How to Ensure Your Oldtimer is Safe to Drive
Cars are a must-have for many people because they make our lives easier. Most car owners cannot imagine ditching their cars and running their errands without one. If you drive, the first vehicle you owned was perhaps a proud moment and many would want to keep it years after purchasing the car. An oldtimer that reminds you of happy moments is definitely worth keeping.
To keep your oldtimer running, you need to give it extra attention. This might not necessarily mean paying more, but rather focusing on preventive maintenance and good driving habits. With good care, you can comfortably add more kilometers to the odometer and have a safe and reliable car that will take you almost anywhere. So, how do you exactly ensure that your oldtimer is safe to drive?
1. Drive It
You got that right, keep driving your oldtimer. If you inherited the family car or have never simply sold your first car, driving it regularly can be what it needs to keep running smoothly. It is common to see old functional cars sitting idle in garages, with the occasional drive happening once a month. While this might help to prevent wear and tear, driving your car regularly actually helps to keep it running well.
When you bring your oldtimer on the road, you will help to keep the integrity and patency of the different parts and systems of your car. Not driving the car for long will lead to the buildup of dirt and debris which might compromise the parts and systems and might even lead to an accident. According to legal experts at JoyeLawFirm.com, if you are involved in an accident while driving your old car, you can still get compensated, especially if it isn’t your fault. Whenever you are with your oldtimer on the road, always observe sensible driving habits and avoid stretching it beyond its limits.
2. Observe The Maintenance Schedule
Most new cars will not require frequent maintenance. However, as your car ages, parts, and systems become more susceptible to wear and tear. This could be compounded if you ignore warning lights and postpone routine maintenance. A classic car needs to be checked more frequently for any wear and tear. A good place to start is consulting the car’s user manual. This outlines when you should take your oldtimer to the mechanic for scheduled maintenance. If you don’t have it, consult your mechanic to schedule a session. With an old-timer, you can expect to go more often to the mechanic to have your car maintained, but this is wiser than to pay a huge sum for a costly repair.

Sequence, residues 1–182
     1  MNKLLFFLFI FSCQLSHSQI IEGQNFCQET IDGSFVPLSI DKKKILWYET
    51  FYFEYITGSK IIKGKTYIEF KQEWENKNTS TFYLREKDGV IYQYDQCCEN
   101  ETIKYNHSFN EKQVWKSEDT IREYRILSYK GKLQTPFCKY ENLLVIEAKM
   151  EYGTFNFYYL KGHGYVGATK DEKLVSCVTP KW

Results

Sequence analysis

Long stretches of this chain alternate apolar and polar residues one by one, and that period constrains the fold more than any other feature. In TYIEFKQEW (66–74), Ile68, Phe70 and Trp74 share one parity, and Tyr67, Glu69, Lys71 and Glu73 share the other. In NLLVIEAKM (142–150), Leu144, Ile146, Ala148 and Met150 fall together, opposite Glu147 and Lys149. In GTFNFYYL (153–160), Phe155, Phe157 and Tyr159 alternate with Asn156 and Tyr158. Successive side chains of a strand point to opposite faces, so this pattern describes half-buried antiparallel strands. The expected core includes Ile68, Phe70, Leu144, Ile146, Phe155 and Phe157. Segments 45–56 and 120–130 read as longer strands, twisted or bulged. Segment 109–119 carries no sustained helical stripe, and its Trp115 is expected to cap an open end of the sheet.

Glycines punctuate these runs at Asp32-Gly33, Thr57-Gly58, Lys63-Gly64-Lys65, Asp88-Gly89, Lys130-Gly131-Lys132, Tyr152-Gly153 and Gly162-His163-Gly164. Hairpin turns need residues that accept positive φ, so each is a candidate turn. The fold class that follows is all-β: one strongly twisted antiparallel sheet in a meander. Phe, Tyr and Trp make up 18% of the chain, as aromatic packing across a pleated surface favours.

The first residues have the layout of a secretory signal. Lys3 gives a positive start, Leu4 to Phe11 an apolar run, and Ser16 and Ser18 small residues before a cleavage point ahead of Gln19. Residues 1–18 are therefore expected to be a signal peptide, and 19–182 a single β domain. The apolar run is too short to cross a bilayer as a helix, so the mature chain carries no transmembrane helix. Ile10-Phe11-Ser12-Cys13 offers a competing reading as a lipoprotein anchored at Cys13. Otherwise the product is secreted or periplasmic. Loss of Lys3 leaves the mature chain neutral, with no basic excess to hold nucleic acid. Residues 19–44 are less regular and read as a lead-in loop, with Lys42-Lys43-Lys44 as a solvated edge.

3. Check Your Braking System
Don’t wait till you learn the hard way. Faulty brakes can pose a great risk to you and other occupants of the car. Start with the brake fluid reservoir and check its consistency and color and if the brake fluid is within the minimum line. Your braking system is fine if the fluid is within or above the minimum line. Dark brake fluid is a clear indicator that you need to change it. If it is low in the reservoir, get a mechanic to look into the matter.
Brake pads thickness is another element you should be on the lookout for. While at it, inspect the thickness of the rotors. If anything seems off, you need to take your oldtimer to a mechanic. Brake failure can lead to accidents.
4. Inspect The Cooling System
The components in your car’s cooling system will gradually feel the effects of age after some years. An engine that has faulty temperature regulation might malfunction, leading to further complications. Under your car’s hood lies a system of hoses, bolts, and delicate parts that perform the all-important function of regulating temperature.
Pay attention to the radiator hoses, water pump, and radiator. Replace coolant hoses and check if the radiator itself needs to be fixed. You might also need to replace the head gasket to ensure the engine works under the right temperature.
5. Change Oil and Oil Filter
As your car ages, parts become more vulnerable and may not perform as well as when the car was new. More friction between parts means that you will need more engine oil to keep them lubricated. Regular oil changes for your old car are important. The frequency will increase but is better to pay a few more dollars than to pay for entire parts worn out by intense friction. Check the oil filter and replace it if it is faulty. Note the date you changed the oil and the mileage so that you remember when you are due for the next appointment.
Cruising down the highway in your classic car can be really fun. It is even better when you follow the tips above to ensure that your oldtimer works like a charm and drives without a fault.